River crossing a first for division

Advancing south through the Townsville Field Training Area as part of the 1st Australian Division, 7th Brigade reconnaissance assets identified a lack of routes to resupply their battle groups, or to evacuate casualties should significant damage be inflicted to their forces.

CAPTIONAn Australian sapper from 2nd Combat Engineer Regiment guides an M113 armoured personnel carrier over the new dry support bridge during Exercise Talisman Sabre 2023. Story by Major Roger Brennan. Photos by Corporal Nicole Dorrett.

It was one of the many activities conducted during Exercise Talisman Sabre.

Commander 7th Brigade Brigadier Michael Say said reconnaissance had also located potential river-crossing sites that if bridged would open lateral routes to support two axes of brigade advance.

“Engineers constructed a dry support bridge across Keelbottom Creek,” Brigadier Say said.

“This enabled sustainment and evacuation routes … but to keep moving south we required another lateral to be opened and for the Fanning River to be bridged.

“This is the first time, in my career, where a divisional river crossing was part of our manoeuvre – with 3rd Brigade securing the far bank and 7th the near.”

The ambitious task allowed for Battle Group Warhorse with a Boxer, Australian light armoured vehicle and their rear echelon, to cross the river and move into a guard, while follow-on forces secured an assembly area.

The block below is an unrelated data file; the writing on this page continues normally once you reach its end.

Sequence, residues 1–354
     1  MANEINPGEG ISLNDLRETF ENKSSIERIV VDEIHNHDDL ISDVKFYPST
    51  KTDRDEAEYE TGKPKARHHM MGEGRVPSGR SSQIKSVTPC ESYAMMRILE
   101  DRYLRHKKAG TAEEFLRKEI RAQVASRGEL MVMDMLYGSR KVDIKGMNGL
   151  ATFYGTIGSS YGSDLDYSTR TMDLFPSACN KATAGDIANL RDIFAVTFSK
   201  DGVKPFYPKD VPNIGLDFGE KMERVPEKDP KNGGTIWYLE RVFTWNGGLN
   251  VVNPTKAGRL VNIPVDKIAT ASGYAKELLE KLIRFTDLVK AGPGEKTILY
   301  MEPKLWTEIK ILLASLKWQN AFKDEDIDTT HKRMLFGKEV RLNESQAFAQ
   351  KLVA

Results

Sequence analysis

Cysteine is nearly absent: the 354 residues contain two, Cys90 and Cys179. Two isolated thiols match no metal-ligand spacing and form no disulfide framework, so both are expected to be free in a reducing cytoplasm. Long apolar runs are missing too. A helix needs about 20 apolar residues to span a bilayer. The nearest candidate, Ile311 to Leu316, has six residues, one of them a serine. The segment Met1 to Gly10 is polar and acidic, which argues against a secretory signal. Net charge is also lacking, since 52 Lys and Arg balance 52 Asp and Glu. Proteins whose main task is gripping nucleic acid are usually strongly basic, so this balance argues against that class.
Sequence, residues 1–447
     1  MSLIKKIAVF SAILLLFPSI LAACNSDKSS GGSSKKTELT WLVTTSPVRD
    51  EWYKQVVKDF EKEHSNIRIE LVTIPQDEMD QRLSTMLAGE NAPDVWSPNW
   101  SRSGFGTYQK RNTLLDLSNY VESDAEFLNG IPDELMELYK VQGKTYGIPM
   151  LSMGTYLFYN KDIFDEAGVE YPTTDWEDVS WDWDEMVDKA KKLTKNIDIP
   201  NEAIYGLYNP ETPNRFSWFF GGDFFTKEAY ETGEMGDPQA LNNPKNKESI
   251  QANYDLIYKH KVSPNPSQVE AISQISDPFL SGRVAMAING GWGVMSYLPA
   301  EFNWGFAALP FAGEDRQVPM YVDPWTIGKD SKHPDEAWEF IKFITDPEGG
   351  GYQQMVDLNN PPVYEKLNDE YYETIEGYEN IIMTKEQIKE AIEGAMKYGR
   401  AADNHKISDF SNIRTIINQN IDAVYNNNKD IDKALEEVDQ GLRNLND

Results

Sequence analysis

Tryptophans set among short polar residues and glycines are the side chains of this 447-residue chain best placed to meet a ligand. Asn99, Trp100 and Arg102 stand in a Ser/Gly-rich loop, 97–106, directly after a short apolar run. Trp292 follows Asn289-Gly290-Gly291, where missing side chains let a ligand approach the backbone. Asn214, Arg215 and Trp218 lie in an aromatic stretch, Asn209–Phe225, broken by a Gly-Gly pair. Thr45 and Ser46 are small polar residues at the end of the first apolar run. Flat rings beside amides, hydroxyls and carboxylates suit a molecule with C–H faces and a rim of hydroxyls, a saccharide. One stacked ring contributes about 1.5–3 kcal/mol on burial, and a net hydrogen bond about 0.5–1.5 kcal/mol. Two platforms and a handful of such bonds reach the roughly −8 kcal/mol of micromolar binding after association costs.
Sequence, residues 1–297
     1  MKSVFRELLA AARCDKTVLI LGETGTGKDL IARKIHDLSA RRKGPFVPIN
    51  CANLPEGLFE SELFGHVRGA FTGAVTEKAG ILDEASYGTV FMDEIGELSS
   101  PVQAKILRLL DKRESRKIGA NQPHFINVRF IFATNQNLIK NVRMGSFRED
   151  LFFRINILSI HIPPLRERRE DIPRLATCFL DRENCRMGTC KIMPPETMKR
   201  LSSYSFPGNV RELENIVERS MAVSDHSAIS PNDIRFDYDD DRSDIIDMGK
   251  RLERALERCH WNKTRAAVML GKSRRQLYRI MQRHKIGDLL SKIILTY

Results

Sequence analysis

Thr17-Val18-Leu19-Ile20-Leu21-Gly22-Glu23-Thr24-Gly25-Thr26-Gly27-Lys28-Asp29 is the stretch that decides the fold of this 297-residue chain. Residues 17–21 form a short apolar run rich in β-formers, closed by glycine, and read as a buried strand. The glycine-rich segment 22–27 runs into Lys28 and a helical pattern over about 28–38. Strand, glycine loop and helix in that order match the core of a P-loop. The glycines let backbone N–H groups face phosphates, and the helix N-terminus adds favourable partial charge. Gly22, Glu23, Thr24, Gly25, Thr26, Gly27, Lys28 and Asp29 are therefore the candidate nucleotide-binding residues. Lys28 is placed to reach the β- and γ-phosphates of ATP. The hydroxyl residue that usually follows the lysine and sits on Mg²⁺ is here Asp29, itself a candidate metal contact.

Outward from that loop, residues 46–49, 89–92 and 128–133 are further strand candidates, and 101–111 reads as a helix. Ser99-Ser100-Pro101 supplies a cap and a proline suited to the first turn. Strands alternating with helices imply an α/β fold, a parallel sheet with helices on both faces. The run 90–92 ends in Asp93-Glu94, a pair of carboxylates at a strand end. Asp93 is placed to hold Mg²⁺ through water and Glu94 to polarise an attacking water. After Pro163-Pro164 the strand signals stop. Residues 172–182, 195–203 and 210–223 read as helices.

“The 1st Australian Division’s control measures were tested,” Brigadier Say said.

“Command and control, fires and sustainment functions are critical to enabling our forces to successfully cross the river.

“The crossing requires a significant amount of coordination and synchronisation to ensure opposition forces can’t deny our ability to construct the bridge.”

While the higher headquarters functions are critical in enabling crossings of this size, engineers worked through the night to maintain the brigade’s tempo.

Combat engineer Lance Corporal Michael Forbes, who secured the first lateral crossing, said a section of soldiers could get the rear echelons moving in as little as four or five hours.

“Dry support bridges are quick to construct and remove … and we only require a small footprint of soldiers to open lines of communication to the front,” Lance Corporal Forbes said.

“The difficulty is working in the dark under night vision, where depth of perception is challenged and crush injuries become a possibility.

“Gap crossings always come with challenges and it’s our job to overcome them and make it work.”

CAPTIONAn Australian Army Bushmaster protected mobility vehicle crosses the dry support bridge from the 2nd Combat Engineer Regiment.


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